However, plans to install the additional 10 longwave transmitters at Rocky Point were abandoned, and instead, a multitude of shortwave transmitters rated at 10 and 20 kW were installed, together with a bevy of rhombic antennas directed towards Europe and South America. It is stated that RCA installed several dozen shortwave transmitters at Rocky Point during the 1930s, and in 1934, a total of 80 registered callsigns were in use. In November 1935, they activated a 200 kW shortwave transmitter.

RCA Rocky Point was often noted on air with the broadcast of radio programming. Sometimes, it was a point to point relay for rebroadcast in another country in Europe or South America, and sometimes these broadcasts were an experimental relay for direct reception by shortwave listeners.

The direct broadcast of radio programming was usually made under the callsign W2XBJ, which could be allocated to any channel in use for this purpose. A lesser known experimental broadcast callsign that was in use at times was W2XCU.

June 1932
The first known radio program broadcast from Radio Central took place under the callsign WAJ when a music program was relayed for rebroadcast in Germany. During the following year, a special broadcast was arranged from an Italian blimp flying over the United States and this program was relayed for rebroadcast in Italy.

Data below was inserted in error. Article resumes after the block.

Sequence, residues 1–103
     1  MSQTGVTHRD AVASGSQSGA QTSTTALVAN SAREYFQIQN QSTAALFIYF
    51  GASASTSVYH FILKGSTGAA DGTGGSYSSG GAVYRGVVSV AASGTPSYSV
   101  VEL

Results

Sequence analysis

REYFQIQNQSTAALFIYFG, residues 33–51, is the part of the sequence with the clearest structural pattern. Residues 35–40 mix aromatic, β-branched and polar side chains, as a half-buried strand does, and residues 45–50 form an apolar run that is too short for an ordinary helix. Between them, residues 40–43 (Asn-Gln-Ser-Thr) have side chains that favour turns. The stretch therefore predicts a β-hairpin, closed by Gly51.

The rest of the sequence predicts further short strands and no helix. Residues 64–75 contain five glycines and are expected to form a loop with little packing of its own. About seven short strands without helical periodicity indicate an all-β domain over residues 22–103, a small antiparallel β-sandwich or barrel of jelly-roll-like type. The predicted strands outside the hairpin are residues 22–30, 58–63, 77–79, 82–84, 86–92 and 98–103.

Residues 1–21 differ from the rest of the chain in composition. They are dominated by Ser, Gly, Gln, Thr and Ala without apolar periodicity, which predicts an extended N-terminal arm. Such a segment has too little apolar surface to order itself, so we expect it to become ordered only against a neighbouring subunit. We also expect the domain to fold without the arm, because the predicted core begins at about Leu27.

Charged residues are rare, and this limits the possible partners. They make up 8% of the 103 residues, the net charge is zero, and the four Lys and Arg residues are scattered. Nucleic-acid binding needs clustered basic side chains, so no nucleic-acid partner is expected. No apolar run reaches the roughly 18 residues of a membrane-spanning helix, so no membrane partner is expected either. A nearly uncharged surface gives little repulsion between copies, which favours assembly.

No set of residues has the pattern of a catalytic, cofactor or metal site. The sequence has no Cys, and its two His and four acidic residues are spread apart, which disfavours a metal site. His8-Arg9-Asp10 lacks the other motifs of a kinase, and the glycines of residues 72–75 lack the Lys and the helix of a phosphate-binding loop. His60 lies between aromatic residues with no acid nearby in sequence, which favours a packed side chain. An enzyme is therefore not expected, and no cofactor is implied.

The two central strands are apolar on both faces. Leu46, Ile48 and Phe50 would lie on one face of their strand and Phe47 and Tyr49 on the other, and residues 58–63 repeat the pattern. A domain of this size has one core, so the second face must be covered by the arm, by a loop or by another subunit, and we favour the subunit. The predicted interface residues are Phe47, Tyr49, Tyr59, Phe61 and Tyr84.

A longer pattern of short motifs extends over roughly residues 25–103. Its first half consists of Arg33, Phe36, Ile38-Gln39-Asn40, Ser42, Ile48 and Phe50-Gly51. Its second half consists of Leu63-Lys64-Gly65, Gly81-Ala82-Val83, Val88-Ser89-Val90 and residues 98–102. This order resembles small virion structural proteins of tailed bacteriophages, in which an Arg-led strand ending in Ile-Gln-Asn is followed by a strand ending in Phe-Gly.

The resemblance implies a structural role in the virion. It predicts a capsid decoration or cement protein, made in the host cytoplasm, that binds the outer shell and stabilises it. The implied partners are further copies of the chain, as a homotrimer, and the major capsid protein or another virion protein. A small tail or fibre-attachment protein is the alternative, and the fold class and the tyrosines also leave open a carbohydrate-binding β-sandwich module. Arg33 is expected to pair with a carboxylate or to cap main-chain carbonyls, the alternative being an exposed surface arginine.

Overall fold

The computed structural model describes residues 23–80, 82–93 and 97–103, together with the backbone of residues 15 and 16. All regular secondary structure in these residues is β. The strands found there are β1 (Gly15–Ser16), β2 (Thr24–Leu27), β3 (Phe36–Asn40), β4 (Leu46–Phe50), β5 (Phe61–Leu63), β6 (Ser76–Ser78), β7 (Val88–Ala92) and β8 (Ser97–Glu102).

At the time of the 1933 Century of Progress Exhibition in Chicago, Marconi himself arranged for Rocky Point to relay special programming from Chicago for rebroadcast in Italy. There were also many special broadcasts beamed to various other countries in Europe and also to South America during this same era.

Early 1940s
Radio Central received and transmitted special broadcasts to and from Europe and North Africa, and on occasions, with South America. Some of these special relays were on behalf of the Voice of America, usually the transmission of special voice reports, though occasionally for local rebroadcast elsewhere.

The RCA main receiving station was located 25 km distant, at Riverhead, also on Long Island, and a back up receiving station was located at Belfast in Maine.

During the 1950s, some of the tall towers were brought down. During the mid 1960s, the station was finally closed. In 1972, a large slice of the property was given to the New York state authorities and it was developed as the Pine Barrens Wildlife Area. In 1978, the remainder of the Rocky Point transmitter property, as well as the Riverhead receiver property, were sold to the state for $1.

Thus, after some 45 years of on air usage, RCA Radio Central at Rocky Point, the magnificent huge radio station on Long Island, quietly disappeared, for ever. It was in use for international communication, and the transfer of radio programming for rebroadcast elsewhere, and at times for the relay of programming on behalf of the Voice of America.

1922 - longwave transmitters at Rocky Point

1921 - huge alternators at Rocky Point

1921 - giant tuning coil at Rocky Point antennas

1921 - RCA receiving station at Riverhead

1921 - RCA receiving station at Belfast, Maine